* leave for treatment, recuperation, or training on managing diabetes(7)
* modified work schedule or shift change

Example: A nurse with insulin-treated diabetes rotated from working the 6 a.m. to 2 p.m. shift to the midnight to 8 a.m. shift. Her doctor wrote a note indicating that interferences in the nurse's sleep, eating routine, and schedule of insulin shots were making it difficult for her to manage her diabetes. Her employer eliminated her midnight rotation.

* allowing a person with diabetic neuropathy (a nerve disorder caused by diabetes) to use a stool.

Although these are some examples of the types of accommodations commonly requested by employees with diabetes, other employees may need different changes or adjustments. Employers should ask the particular employee requesting an accommodation because of his diabetes what he needs that will help him do his job. There also are extensive public and private resources to help employers identify reasonable accommodations. For example, the website for the Job Accommodation Network (http://janweb.icdi.wvu.edu/media/diabetes.html) provides information about many types of accommodations for employees with diabetes.

9. How does an employee with diabetes request a reasonable accommodation?

There are no "magic words" that a person has to use when requesting a reasonable accommodation. A person simply has to tell the employer that she needs an adjustment or change at work because of her diabetes.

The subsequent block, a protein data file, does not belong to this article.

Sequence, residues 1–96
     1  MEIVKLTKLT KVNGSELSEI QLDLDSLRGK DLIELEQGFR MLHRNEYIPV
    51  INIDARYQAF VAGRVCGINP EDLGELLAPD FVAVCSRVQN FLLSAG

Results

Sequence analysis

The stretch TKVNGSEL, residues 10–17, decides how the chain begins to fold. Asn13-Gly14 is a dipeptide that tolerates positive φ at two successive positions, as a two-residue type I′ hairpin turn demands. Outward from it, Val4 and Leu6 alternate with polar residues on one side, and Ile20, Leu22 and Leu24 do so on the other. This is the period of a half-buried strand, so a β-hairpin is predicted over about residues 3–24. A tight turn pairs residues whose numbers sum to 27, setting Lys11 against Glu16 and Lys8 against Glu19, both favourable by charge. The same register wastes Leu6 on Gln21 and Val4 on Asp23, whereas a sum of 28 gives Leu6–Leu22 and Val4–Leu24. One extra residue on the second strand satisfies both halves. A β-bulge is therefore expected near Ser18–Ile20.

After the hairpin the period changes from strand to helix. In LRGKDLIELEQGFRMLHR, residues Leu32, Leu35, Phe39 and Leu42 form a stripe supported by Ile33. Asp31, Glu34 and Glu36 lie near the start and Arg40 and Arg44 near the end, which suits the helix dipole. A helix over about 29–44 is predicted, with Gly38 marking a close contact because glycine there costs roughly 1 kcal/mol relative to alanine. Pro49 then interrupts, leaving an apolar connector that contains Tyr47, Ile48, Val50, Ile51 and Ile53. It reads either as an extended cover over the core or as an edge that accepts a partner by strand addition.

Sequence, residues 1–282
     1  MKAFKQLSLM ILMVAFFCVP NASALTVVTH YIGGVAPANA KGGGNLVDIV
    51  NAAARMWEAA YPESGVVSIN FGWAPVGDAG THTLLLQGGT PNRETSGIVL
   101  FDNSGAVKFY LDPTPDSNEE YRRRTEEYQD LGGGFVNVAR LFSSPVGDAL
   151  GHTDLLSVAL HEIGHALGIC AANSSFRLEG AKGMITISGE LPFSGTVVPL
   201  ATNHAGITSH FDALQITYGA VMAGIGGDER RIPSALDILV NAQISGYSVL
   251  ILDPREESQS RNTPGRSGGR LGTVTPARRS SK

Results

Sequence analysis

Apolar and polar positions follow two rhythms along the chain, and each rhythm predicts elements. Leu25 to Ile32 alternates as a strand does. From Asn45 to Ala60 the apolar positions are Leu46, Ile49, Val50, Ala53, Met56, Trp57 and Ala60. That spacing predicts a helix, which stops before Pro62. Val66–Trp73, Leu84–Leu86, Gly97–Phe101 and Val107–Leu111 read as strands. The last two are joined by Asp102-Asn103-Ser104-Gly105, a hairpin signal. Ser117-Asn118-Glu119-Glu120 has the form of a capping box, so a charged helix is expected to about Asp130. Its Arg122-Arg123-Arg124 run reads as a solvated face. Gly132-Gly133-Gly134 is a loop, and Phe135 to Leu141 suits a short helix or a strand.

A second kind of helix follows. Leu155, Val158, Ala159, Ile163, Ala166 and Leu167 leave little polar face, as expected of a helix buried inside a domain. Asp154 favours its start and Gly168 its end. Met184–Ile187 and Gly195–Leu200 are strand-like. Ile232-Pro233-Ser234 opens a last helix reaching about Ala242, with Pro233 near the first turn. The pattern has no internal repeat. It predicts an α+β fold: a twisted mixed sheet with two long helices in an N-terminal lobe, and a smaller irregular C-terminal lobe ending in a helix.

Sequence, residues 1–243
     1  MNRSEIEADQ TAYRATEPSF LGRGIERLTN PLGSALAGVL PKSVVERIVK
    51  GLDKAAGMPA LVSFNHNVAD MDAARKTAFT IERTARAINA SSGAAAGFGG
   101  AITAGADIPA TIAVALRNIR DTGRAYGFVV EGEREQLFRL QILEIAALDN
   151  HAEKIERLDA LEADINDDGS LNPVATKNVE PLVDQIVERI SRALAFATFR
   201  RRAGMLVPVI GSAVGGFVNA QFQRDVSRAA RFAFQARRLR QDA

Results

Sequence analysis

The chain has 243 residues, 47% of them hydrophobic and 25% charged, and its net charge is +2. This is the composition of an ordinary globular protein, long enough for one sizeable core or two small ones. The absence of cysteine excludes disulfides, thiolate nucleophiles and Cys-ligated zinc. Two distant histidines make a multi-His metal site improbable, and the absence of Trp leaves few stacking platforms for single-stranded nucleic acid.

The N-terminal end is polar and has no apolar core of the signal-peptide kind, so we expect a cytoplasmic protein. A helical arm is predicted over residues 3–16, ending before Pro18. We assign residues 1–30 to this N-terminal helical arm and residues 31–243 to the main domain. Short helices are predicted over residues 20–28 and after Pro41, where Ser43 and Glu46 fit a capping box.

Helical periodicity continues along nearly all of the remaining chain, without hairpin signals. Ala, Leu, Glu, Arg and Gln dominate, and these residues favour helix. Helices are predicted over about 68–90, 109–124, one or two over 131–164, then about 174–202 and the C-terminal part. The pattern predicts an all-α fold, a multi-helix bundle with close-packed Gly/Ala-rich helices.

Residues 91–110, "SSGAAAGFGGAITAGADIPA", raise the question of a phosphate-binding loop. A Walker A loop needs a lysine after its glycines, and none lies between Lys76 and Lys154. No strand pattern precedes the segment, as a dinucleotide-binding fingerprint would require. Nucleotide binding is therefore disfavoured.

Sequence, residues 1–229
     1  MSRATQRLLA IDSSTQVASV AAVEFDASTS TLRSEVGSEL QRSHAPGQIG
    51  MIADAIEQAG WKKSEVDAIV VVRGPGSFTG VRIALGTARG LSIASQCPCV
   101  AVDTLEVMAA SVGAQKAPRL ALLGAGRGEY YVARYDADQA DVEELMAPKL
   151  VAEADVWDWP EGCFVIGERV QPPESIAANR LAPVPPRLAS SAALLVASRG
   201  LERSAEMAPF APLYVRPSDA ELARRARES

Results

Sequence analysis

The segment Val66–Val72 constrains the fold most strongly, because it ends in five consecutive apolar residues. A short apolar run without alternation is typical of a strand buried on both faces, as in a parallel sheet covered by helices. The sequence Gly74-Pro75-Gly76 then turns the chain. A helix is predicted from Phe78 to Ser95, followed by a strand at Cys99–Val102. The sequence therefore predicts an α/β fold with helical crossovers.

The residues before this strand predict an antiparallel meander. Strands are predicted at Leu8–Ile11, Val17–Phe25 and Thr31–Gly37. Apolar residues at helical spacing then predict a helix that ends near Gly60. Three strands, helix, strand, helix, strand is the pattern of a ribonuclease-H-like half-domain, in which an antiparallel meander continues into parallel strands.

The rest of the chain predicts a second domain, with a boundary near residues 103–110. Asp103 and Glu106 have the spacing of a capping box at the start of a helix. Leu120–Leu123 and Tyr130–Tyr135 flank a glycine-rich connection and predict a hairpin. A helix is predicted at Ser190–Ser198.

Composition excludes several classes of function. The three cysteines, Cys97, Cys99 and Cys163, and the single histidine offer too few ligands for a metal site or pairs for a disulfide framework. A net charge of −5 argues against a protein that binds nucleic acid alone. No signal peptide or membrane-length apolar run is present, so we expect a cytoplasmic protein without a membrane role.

Example: A custodian tells his supervisor that he recently has been diagnosed with diabetes and needs three days off to attend a class on how to manage the condition. This is a request for reasonable accommodation.

A request for a reasonable accommodation also can come from a family member, friend, health professional, or other representative on behalf of a person with diabetes. If the employer does not already know that an employee has diabetes, the employer can ask the employee for verification from a health care professional.

10. Does an employer have to grant every request for a reasonable accommodation?

No. An employer does not have to provide a reasonable accommodation if doing so will be an undue hardship. Undue hardship means that providing the reasonable accommodation would result in significant difficulty or expense. If a requested accommodation is too difficult or expensive, an employer still would be required to determine whether there is another easier or less costly accommodation that would meet the employee's needs.

11. Is it a reasonable accommodation for an employer to make sure that an employee regularly checks her blood sugar levels and eats or takes insulin as prescribed?

No. Employers have no obligation to monitor an employee to make sure that she is keeping her diabetes under control. It may be a form of reasonable accommodation, however, to allow an employee sufficient breaks to check her blood sugar levels, eat a snack, or take medication.